Whilst accepting that the evidence demonstrates that Tafida had knowledge of her religion and participated in aspects of it, including prayer, the Trust submits that at the age of 4 she can have had no real concept of her mortality or of the possibility of her current situation. Ms Gollop accordingly submits that whilst the court can infer what Tafida thought of her religion generally, it has no information from which to infer he wishes and feelings regarding existing for many years with no or minimal awareness, with the possibility of physical deterioration and the ever present risk of infection.
For the trust, the decision of best interests for Raqeeb was based on health issues. They also concluded that ” she is not now capable of manifesting religion in belief, practice or observance, not being able to exercise these freedoms because she is not free but rather trapped by the small amount of her brain that survives.”
Paragraph 76 is also key:
Within this context, the parents and the maternal aunt submit that, in her current condition, Tafida’s wishes and feelings regarding continuing to receive life-sustaining treatment can be derived from the religious and cultural context in which she was raised and from the evidence before the court that demonstrates that not only was Tafida has been brought up in accordance with the tenets of Islam and but that, on what is submitted to be compelling evidence that prior to her injury she understood the concept of religion and had expressed a clear desire to adhere closely to the Islamic faith, she was developing her own religious identity and value system in this context. Mr Sachdeva acknowledges that Tafida’s capacity to understand the true nature and extent of her religious and cultural background must be limited by her age, but he submits the evidence shows she had a prior understanding and relationship with her Muslim faith. In these circumstances, the parents and the maternal aunt submit that the court can be certain that Tafida would have wanted to live in her current circumstances where the withdrawal of treatment causing death would not be in accordance with the beliefs and values of the religion with which she identified and the community to which she belongs. Accordingly, the parents and maternal aunt submit that the benefit that accrues to Tafida from continued life is in part a spiritual one and is protected by her Art 9 right to freedom of thought, conscience and religion. Within this context, it is submitted that in this case the concept of autonomy (as embodied in the child’s wishes and feelings) and the sanctity of life point to the same result.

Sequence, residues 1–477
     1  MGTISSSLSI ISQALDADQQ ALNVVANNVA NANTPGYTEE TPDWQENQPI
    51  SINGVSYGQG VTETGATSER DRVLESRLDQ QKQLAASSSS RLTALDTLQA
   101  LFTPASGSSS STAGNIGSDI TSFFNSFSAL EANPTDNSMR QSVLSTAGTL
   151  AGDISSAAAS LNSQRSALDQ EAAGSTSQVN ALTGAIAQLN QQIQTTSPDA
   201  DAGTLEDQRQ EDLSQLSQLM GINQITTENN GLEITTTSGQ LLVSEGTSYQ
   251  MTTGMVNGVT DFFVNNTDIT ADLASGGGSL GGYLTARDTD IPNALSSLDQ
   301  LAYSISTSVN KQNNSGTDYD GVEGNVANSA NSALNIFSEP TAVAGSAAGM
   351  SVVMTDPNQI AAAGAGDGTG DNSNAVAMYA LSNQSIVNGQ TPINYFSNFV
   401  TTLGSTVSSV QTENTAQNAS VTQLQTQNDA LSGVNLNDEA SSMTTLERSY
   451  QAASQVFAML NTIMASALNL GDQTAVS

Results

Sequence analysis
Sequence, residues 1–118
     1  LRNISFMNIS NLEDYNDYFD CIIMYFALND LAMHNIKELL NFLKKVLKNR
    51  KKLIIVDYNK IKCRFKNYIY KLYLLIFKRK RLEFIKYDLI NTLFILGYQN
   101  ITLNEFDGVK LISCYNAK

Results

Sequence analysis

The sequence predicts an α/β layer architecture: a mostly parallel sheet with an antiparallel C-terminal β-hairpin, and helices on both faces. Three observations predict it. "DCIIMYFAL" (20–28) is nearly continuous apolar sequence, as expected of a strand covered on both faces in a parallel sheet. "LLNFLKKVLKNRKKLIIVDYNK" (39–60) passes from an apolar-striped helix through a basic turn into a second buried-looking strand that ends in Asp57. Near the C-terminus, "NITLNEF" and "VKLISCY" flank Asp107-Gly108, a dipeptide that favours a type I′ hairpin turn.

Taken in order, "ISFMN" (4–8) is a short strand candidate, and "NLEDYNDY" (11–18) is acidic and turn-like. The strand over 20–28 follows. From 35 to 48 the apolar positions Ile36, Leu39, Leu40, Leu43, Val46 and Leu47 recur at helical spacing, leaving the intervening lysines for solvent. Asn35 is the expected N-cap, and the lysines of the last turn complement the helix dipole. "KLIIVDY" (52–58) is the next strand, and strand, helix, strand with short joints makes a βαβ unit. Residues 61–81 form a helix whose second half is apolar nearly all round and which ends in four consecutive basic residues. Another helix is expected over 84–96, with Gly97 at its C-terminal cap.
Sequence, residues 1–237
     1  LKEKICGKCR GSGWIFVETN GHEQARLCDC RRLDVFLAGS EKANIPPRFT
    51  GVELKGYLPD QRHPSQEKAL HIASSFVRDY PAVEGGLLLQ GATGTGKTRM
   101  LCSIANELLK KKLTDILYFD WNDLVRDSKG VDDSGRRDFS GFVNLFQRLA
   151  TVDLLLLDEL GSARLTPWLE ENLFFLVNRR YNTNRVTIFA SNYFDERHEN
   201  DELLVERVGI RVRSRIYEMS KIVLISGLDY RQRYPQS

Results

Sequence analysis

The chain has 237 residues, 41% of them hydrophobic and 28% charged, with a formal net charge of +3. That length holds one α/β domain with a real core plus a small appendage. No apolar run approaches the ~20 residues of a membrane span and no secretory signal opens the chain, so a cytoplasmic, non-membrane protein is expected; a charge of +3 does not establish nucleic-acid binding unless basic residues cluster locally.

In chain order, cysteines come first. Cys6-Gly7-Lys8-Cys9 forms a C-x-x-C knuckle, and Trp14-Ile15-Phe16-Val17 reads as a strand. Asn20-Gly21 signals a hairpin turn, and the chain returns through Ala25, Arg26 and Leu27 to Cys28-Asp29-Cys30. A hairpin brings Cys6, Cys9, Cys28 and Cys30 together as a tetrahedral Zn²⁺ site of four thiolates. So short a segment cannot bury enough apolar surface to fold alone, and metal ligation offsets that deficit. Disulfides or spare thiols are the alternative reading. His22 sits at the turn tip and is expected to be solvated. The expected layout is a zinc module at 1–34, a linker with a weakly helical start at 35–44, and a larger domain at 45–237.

There is certainly a debate to be had around when a child becomes religious and able to be an adherent toa religion and its ideals in the eyes of the law.
Much of this really comes down to interpretations of freedom of religion, as set out here:
Freedom of thought, conscience and religion
1. Everyone has the right to freedom of thought, conscience and religion; this right includes freedom to change his religion or belief and freedom, either alone or in community with others and in public or private, to manifest his religion or belief, in worship, teaching, practice and observance.
2. Freedom to manifest one’s religion or beliefs shall be subject only to such limitations as are prescribed by law and are necessary in a democratic society in the interests of public safety, for the protection of public order, health or morals, or for the protection of the rights and freedoms of others.
I could go on with quotes from the judgement, much of which makes interesting reading. You get the point, though. And the point is that religion and religious people are afforded different ethical calculations than the next person. In other words, if I was to rob someone, you could argue a similar logic at play if I, as a member of a certain religion, was entitled to a softer punishment or a different verdict on culpability based on my religious beliefs. In a pluralist society, ethical rulings must be secular to avoid a massive minefield of case-by-case rulings that would be discriminatory.
On the other hand, freedom of religion is a right that allows for such pluralism to flourish “only to such limitations as are prescribed by law and are necessary in a democratic society in the interests of public safety, for the protection of public order, health or morals, or for the protection of the rights and freedoms of others.” The judge has found that the trust must allow Raqeeb’s parents their wishes because there happen to be no such limitation in this case, where they wouldn’t an atheist, on account of their “religion or belief, in worship, teaching, practice and observance”.
Now let’s have a reductio ad absurdum. Imagine the decision has a cost of £10 million. Or £50 million. I wonder whether financial considerations are really the trump variable here. And if so, it’s all fairly moot since morality has a price label and it all comes down to some arbitrary line around which ethical decisions are judged acceptable or not.